To give one of my own hobbies as an example; this is a good time of year to start growing vegetable or flower plants from seed, which could move on to the wider concept of “gardening”. The timetable on the back of the seed packet is a guide to when to sow, additionally counting backwards from the time it will be OK to transfer to a garden outside which will vary geographically. For example, seedlings that have reached a suitable size could safely be planted out earlier in the Channel Islands than in the Shetland Islands. Another thing that it is important to get right so that the plants will come encouragingly to fruition is a consistent amount of watering (not too little, not too much and for most plants not too sporadic). The art of watering is described at: www.coopext.colostate.edu/4dmg/Plants/guidline.htm. Other information that might be useful if children or pets tend to put things into their mouths is knowing what not to grow: poisonous garden plants are listed at www.rhs.org.uk/advice/profile?pid=524 (Royal Horticultural Society).
The amount of gardening information available is almost overwhelming, so I have picked some out. Specifically for children with disabilities, some gardening ideas can be found at Disabled world. These include indoor options for colder times of year, or for those who don’t get outside very much. More on indoor gardening:www.instructables.com/id/Indoor-Gardening/ and www.planetnatural.com/growing-indoors/).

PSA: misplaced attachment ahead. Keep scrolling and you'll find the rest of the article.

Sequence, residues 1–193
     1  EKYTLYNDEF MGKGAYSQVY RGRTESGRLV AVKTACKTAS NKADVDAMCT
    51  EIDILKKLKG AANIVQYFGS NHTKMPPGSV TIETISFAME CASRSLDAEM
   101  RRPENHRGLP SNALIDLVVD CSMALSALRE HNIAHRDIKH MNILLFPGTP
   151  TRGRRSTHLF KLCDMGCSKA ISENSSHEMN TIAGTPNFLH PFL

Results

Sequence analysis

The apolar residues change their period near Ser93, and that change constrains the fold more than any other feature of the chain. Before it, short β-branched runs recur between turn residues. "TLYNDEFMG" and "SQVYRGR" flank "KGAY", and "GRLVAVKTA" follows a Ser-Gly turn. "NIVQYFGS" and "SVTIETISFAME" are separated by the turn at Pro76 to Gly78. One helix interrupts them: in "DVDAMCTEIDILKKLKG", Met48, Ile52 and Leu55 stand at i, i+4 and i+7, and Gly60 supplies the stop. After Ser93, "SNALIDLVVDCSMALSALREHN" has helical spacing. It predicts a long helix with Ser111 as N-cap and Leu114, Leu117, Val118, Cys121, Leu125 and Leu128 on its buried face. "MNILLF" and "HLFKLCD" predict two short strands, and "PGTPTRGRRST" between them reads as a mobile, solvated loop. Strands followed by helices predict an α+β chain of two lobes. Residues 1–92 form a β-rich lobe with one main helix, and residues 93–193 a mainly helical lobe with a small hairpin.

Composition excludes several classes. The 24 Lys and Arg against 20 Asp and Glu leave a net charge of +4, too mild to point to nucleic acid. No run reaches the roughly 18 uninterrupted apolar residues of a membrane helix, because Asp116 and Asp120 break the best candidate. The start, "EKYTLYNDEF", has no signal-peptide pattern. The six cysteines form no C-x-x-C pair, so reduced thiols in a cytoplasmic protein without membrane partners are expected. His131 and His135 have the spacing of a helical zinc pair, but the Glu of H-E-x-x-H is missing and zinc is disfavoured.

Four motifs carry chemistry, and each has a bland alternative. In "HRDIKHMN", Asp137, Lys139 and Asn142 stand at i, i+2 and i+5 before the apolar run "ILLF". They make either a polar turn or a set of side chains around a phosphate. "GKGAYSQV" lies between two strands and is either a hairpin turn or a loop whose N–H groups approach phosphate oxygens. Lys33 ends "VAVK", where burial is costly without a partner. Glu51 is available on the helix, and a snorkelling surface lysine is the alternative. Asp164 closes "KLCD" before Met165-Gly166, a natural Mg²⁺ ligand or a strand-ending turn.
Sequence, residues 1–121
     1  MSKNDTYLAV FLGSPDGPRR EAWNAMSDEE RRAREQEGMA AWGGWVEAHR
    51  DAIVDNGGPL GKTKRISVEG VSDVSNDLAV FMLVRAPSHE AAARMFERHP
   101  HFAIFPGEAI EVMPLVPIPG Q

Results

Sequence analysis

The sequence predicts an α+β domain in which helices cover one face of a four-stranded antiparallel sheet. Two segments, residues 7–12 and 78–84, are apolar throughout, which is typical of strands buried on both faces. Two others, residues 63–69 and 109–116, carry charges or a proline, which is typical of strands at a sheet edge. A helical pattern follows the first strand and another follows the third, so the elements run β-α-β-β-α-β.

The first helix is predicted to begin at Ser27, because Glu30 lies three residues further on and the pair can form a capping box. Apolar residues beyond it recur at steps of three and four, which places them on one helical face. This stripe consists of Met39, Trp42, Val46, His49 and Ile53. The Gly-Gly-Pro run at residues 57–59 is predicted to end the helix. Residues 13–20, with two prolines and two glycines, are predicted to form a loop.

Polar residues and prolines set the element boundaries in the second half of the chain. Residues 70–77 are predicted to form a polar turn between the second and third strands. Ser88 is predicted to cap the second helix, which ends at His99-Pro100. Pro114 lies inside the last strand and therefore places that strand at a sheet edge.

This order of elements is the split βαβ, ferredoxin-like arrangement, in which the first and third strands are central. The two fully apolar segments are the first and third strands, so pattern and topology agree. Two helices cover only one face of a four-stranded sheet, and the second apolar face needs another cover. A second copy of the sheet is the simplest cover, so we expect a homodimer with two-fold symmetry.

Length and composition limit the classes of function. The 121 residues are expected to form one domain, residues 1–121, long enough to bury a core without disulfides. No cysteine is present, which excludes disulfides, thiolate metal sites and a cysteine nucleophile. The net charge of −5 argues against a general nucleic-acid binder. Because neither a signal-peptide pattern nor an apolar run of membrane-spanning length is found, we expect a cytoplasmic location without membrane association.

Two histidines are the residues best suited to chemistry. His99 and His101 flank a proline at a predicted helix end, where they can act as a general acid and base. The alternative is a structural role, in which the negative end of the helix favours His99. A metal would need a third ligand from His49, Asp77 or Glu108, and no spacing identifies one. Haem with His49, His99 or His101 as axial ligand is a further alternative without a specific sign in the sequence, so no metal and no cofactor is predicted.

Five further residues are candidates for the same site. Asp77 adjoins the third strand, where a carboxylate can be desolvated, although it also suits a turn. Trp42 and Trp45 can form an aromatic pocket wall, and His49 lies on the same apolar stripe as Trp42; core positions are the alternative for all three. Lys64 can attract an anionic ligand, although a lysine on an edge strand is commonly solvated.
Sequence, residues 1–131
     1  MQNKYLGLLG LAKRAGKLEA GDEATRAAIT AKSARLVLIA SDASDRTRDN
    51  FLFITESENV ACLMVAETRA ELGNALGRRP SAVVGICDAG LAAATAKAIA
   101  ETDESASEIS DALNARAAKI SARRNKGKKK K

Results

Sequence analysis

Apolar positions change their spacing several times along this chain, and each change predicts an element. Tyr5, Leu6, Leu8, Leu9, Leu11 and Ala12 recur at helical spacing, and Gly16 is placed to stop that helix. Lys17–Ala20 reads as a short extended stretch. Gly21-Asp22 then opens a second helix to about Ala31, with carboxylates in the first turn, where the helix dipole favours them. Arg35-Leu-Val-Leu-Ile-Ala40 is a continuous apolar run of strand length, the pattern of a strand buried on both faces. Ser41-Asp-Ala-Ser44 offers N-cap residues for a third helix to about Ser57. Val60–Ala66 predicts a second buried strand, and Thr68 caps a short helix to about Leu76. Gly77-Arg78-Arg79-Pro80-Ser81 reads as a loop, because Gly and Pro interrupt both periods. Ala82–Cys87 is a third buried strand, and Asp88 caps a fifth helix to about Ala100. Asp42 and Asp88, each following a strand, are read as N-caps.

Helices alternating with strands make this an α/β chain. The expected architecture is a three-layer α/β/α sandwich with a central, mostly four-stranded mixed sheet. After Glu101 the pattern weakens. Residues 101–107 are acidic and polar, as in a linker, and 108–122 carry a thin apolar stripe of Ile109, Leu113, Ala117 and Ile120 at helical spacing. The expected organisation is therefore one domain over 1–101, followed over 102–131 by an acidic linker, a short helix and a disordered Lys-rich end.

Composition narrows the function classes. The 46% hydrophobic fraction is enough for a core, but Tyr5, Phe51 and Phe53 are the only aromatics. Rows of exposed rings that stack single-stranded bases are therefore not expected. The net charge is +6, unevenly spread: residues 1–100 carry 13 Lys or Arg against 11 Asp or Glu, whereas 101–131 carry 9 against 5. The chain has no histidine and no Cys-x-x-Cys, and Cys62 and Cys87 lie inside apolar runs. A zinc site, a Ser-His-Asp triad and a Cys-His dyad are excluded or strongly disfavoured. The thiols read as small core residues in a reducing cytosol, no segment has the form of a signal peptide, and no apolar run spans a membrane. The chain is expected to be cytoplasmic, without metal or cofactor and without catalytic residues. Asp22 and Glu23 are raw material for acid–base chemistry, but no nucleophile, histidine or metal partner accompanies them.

- RHS, Gardening with a disability;
- National Gardening Association (USA), Kids gardening;
- a collection of easy guides to growing various things, (Horticultural Trades Association);
- advice on gardening with children;
- and garden design for children with disabilities.
A look through those should equip anyone with the information needed to start a child on it and an idea about how it could be done in your circumstances. (Having a garden outside is not absolutely necessary.)
“But (s)he’s not interested”
How to find something that a child will be interested to develop as a hobby? Some will already show an interest in something, but others may not feel inspired by or confident in anything at all. Ways of discovering a spark include: spending time trying out a few new things in short and simple ways; sounding out others who work with the child, such as their one-to-one at school; and finding their strengths (Werrell, 2014). If a more active hobby is unlikely to catch on, a more passive one in which the child participates more or less just by being involved (e.g. horse-riding or scrap-booking) might still be possible.
If you are thinking about a break or a change of scene for the summer, there are hobby- and activity-based holidays, also supported holidays involving new places and activities. If it is not possible to get away, a home-based holiday taking a few days for local recreation, discovery and the pursuit of a hobby could be refreshing. Check out Cerebra’s signposts pages for Recreation, leisure and holidays, and Funding for holidays and outings.
- “Ben T.” [n.d.] Activities for ADHD Children, ADD Adults to Boost Self-Esteem, (Additude Magazine).
- Disabled World [n.d.] Live life to the fullest with any disability, invisible disease, or chronic pain by indulging in a hobby, (also links to the page above, on hobby gardening).
- Law M. et al. 2006, Patterns and predictors of recreational and leisure participation for children with physical disabilities. McMaster University, CanChild Centre for Childhood Disability Research,
- McKee R. 2012. Hobbies for special-needs children, (New York Parenting)
- McKee R. 2013. Help kids with special needs spring into action, (New York Parenting).
- Werrell B. 2014. Explore hobbies for kids to expand your child’s interests, (Connections Academy).